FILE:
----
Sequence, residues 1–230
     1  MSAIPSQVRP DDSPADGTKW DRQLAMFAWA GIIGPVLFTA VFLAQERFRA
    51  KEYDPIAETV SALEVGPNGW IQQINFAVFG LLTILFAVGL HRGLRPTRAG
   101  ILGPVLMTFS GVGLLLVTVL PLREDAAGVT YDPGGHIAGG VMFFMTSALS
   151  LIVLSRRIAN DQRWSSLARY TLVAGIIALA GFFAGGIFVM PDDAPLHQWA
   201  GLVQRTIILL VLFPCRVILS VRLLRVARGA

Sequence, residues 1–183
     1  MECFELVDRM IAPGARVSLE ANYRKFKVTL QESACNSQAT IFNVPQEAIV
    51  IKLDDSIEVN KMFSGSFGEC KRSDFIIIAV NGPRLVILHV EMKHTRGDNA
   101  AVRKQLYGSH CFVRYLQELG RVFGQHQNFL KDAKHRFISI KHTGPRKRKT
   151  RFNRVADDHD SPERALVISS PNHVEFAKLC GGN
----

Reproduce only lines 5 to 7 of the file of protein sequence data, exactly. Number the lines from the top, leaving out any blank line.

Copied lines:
   151  LIVLSRRIAN DQRWSSLARY TLVAGIIALA GFFAGGIFVM PDDAPLHQWA
   201  GLVQRTIILL VLFPCRVILS VRLLRVARGA

Sequence, residues 1–183